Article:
U.S. equities broadly finished last week about flat with utilities, industrials, and tech stocks having positive returns and energy stocks in the red. Energy stocks’ struggle last week was tied to the price of oil falling over 2.5%. The oil market is digesting many factors including OPEC production cuts, U.S. production increases, Venezuelan supply questions, and slowing global growth, to name a few.
The S&P 500 is now up 8.2% year-to-date, helping to calm investors’ anxiety after a particularly difficult 4th quarter of 2018. The strong beginning quarter is being attributed to the Fed’s more dovish rhetoric recently surrounding future changes in monetary policy. U.S. economic data continues to come in strong with low unemployment and low inflation. Fed Chairman Jerome Powell and Fed Vice Chairman Richard Clarida joined President Trump and Treasury Secretary Steven Mnuchin at the White House for dinner last week. Powell shared the same sentiment regarding the U.S. economy that he shared at the press conference last week. That is, the U.S. economy continues to look healthy, but future monetary tightening will be based on a wait-and-see approach rather than the systematic tightening regime that we’ve been experiencing. Although Powell has publicly spoken out to the President’s attempts at influencing the Fed, Trump is likely very pleased with the more dovish language recently.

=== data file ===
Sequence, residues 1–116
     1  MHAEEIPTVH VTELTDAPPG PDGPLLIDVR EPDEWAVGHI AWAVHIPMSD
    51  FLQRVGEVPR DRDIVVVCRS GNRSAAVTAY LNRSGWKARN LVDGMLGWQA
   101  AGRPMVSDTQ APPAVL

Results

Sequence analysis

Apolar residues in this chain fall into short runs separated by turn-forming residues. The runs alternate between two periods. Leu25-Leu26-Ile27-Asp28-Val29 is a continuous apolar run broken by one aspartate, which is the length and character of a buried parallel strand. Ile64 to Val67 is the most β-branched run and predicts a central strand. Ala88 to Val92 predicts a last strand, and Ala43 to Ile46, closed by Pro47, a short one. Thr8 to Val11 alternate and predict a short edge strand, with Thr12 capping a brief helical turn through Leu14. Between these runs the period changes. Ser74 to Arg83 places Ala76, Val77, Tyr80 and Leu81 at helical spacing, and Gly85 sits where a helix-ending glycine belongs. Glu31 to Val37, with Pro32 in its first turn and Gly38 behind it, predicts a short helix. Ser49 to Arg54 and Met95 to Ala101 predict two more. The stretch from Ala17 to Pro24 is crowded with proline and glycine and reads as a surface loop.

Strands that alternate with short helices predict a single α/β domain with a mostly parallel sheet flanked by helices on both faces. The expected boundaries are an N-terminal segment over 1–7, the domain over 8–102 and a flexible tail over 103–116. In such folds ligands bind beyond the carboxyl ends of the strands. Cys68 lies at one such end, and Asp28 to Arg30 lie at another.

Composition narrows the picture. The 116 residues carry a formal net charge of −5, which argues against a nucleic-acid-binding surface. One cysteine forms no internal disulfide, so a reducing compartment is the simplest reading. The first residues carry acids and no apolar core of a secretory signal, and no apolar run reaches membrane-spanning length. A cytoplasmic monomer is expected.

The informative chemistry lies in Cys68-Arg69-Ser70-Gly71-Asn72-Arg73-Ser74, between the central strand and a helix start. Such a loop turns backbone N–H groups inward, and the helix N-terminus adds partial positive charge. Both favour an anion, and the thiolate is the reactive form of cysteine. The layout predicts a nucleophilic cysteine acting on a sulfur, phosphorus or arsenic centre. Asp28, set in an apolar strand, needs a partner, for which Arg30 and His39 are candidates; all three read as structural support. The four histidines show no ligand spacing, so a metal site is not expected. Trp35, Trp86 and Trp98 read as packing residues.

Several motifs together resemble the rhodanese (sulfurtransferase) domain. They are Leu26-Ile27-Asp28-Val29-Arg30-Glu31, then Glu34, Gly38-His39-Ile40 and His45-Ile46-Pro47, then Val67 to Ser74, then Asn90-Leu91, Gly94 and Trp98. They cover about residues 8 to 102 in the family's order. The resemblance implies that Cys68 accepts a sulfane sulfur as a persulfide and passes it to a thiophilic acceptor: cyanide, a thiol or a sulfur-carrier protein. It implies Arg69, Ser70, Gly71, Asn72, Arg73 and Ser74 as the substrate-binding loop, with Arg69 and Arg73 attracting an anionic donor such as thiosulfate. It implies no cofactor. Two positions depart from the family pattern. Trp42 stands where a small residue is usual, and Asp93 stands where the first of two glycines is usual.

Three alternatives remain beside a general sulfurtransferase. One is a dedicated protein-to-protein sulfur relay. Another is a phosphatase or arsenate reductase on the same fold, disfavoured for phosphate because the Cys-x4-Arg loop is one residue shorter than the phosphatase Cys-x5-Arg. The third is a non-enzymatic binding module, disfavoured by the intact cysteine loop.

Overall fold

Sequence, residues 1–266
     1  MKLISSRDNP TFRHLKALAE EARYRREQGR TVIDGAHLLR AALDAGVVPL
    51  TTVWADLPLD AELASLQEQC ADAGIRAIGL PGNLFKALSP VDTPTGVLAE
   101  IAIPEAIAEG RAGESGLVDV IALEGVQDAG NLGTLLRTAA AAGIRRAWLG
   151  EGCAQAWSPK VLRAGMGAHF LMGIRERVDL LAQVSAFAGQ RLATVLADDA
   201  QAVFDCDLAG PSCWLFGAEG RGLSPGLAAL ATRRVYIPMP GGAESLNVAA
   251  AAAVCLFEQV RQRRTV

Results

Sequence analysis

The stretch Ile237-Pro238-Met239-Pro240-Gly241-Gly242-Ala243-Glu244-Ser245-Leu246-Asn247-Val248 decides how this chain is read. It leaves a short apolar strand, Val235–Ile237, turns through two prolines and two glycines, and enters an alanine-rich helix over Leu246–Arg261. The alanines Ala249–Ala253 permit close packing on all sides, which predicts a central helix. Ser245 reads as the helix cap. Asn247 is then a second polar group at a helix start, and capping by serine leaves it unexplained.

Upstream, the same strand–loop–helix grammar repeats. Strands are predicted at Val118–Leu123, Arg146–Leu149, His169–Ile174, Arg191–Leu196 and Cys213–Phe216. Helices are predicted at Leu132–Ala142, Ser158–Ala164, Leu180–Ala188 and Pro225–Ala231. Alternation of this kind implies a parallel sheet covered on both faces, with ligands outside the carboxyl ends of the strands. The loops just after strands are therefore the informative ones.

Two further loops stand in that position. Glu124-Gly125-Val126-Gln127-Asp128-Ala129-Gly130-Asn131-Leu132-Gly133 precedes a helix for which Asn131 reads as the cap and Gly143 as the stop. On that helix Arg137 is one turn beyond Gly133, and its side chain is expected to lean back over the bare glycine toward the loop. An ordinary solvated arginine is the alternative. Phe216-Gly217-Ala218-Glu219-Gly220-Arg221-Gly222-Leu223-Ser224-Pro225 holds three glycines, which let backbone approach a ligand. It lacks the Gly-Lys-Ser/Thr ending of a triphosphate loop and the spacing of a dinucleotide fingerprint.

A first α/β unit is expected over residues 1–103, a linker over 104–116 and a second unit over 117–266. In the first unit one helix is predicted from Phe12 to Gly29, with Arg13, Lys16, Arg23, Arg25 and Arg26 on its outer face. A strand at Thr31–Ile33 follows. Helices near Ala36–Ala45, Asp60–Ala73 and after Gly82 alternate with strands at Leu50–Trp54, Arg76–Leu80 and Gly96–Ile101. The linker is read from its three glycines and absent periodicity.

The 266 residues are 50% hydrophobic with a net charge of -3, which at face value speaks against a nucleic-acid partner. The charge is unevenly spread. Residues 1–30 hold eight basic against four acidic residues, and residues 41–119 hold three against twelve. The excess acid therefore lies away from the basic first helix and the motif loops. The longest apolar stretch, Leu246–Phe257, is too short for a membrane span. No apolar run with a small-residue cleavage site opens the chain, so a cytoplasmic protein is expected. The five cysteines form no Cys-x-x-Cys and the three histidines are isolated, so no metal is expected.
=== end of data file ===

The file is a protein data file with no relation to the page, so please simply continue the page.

Optimism was harder to find outside of the U.S. last week. Economic growth forecasts for 2019 in the Eurozone continue to be cut. The European Commission last week cut their forecast from 1.9% to 1.3% for this year. “A high level of uncertainty surrounds the economic outlook”was the explanation given for the cut. Brexit negotiations, softening demand from China, trade negotiations with the U.S., and political uncertainty with rising populism are just a few of those uncertainties.
Robert Lighthizer, the U.S. Trade Representative, and Steven Mnuchin, the U.S. Treasury Secretary, are headed to Beijing to continue trade talks with China this week. The hope is that the U.S. and China can at least agree to extend the negotiations and not let the March 1st deadline hit when U.S. tariffs on Chinese goods will go from 10% to 25%. If a deal is close, President Trump and President Xi will meet to finalize.
Author: Jim Rambo, CFA | Research Team | Allegheny Financial Group | February 2019
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